Antipope Boniface VII (Franco Ferrucci), was an antipope (974, 984 - 985). He is supposed to have put Pope Benedict VI to death. A popular tumult compelled him to flee to Constantinople in 974; he carried off a vast treasure, and returned in 984 and removed Pope John XIV (983–984) from office. After a brief rule from 984 to 985, he died under suspicious circumstances.
Boniface VII was not yet considered an antipope when the next pope of that same regnal name was elected.
Pope John XIII, born Giovanni Crescentius, of the powerful Roman Crescentii family, died on 6 September 972. Benedictus was the proposed candidate of the Imperial party, while the Nationalist party, led by the Crescentii, supported Franco. Benedictus was consecrated as Pope Benedict VI on January 19, 973, even though he lacked the support of much of the Roman aristocracy. On May 7, 973, Otto the Great died, and the youthful Otto II took over. Otto II's preoccupation with events in Germany created an opportunity for the Roman aristocracy to rebel against the imperial administration.
Crescentius, brother of the late Pope John XIII, led an insurrection and with the help of many unhappy Romans, kidnapped Pope Benedict VI. They imprisoned him in Castel Sant’Angelo for nearly two months. In July 974 Franco assumed the papacy as Boniface VII. Although Otto II, who supported Pope Benedict VI, was still fighting in Bavaria, and could not make it to Rome, he sent Count Sicco, an imperial envoy from Spoleto, to demand the pope’s release. When Sicco arrived at Castel Sant’Angelo, a priest named Stephen strangled Benedict VI. There is a chance that Franco could have made the demand of having Benedict strangled, but it is not known for certain.
Boniface VII's first papal reign was a short one. In one month and twelve days, the imperial representative Count Sicco had taken possession of the city. As riots and chaos ensued, Boniface VII took refuge in Castel Sant’Angelo where he robbed the treasury of the Vatican Basilica and fled to Byzantine territory in southern Italy. The fact that he fled to Constantinople, where he received protection, makes it probable that his rise to papacy might have been associated with the policy of the Greek Emperor, who at this time was pushing to displace the German influence in Salerno. The banishment of the antipope must have been the work of the German party, which were again triumphant in Rome, led by Pandulf the Ironhead. Boniface VII is described as a monster by contemporaries, who stated that he was stained by the blood of Benedict VI. The events of this period in Rome are unfortunately only known to us through the insufficient notices, and we are barely aware of the rise of Boniface VII before we hear of his overthrow.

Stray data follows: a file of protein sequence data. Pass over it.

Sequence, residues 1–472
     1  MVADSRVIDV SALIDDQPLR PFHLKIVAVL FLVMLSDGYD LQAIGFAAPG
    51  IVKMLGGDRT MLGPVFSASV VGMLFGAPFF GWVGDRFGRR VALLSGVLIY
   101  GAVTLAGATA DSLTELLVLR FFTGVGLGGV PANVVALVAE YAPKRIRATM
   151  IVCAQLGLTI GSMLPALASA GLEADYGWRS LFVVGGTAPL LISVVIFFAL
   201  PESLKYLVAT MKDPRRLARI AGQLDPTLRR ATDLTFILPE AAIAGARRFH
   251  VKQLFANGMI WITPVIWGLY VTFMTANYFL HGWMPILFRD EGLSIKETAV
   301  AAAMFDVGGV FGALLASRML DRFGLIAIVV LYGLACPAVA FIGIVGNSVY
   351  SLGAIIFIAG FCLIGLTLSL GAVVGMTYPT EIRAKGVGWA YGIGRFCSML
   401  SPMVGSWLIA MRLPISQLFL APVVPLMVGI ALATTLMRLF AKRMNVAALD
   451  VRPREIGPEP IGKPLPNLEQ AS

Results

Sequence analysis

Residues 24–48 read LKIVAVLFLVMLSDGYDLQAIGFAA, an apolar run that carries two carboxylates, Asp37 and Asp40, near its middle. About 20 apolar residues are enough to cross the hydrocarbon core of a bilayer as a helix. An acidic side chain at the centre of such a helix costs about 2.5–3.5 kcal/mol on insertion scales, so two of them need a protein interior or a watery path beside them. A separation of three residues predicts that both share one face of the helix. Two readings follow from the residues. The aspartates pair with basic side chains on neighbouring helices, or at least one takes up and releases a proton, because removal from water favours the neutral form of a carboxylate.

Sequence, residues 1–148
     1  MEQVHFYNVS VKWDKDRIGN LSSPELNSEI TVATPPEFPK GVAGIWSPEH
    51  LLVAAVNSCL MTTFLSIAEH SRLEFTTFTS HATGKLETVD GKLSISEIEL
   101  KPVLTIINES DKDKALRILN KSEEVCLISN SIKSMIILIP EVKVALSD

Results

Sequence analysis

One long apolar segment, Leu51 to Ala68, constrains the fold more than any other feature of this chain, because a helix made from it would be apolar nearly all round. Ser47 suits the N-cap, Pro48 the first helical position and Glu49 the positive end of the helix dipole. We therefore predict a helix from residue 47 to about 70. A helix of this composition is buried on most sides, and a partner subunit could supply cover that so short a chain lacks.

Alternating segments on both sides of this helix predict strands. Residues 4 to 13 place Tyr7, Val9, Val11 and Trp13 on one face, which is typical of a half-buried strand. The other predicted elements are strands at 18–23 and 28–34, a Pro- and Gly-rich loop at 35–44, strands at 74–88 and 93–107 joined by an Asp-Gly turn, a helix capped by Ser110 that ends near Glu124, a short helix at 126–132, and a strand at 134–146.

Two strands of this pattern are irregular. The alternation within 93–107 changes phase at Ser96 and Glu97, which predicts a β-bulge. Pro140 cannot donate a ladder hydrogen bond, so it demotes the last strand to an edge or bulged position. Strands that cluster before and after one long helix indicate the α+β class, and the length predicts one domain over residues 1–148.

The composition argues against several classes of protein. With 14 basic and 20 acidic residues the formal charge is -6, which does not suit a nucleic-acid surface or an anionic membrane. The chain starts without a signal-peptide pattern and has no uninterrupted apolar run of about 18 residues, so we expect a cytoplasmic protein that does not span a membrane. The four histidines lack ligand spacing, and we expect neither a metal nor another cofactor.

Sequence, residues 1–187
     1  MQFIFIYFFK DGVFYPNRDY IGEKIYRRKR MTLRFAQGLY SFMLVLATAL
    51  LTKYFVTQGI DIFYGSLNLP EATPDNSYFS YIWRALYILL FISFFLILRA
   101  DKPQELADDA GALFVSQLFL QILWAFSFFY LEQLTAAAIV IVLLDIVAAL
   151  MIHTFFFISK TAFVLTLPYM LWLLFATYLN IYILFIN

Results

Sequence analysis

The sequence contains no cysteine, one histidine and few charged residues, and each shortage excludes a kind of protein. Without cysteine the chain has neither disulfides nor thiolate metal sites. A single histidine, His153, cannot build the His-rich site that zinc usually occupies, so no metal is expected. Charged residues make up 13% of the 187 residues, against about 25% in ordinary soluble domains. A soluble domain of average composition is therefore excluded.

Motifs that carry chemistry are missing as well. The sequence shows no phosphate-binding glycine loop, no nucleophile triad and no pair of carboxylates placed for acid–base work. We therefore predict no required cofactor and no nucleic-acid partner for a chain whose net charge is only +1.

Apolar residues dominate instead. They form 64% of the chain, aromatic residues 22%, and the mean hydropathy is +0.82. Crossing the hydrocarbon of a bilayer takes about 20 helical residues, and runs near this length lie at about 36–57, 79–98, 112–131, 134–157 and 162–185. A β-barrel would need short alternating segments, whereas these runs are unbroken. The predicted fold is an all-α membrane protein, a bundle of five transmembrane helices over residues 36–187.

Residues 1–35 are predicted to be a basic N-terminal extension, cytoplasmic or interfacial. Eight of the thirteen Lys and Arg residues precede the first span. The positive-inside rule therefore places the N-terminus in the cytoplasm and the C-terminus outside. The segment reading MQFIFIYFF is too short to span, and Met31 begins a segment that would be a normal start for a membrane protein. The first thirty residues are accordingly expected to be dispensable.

Peter of Pavia, Otto II's imperial chancellor for the Kingdom of Italy, was elected pope, taking the name of John XIV. However, shortly after the election, the Emperor fell seriously ill and died on December 7, 983. With Otto II's heir being only age three, the people of Rome finally felt free from the hated emperor and desired a Roman Pope. To this point, Boniface VII saw his opportunity and in league with Greeks and Saracens and headed for Rome in April 984. With the help of both the treasury he had stolen from his first attempt at the papacy as well as the gold of his Greek followers, he was able to strike relationships with several powerful people. With the help of Crescentius’ sons, John and Crescentius II, Boniface had Pope John XIV imprisoned in Castel Sant’Angelo. Four months later, on August 20 984, John XIV died in Sant’Angelo either due to starvation, poison, or by the order of Boniface.
The death of Pope John XIV meant that Boniface was the only remaining pope, and so he once again took a hold of the papal throne. He still believed himself to be the only rightful pope, and dated back his reign to 974.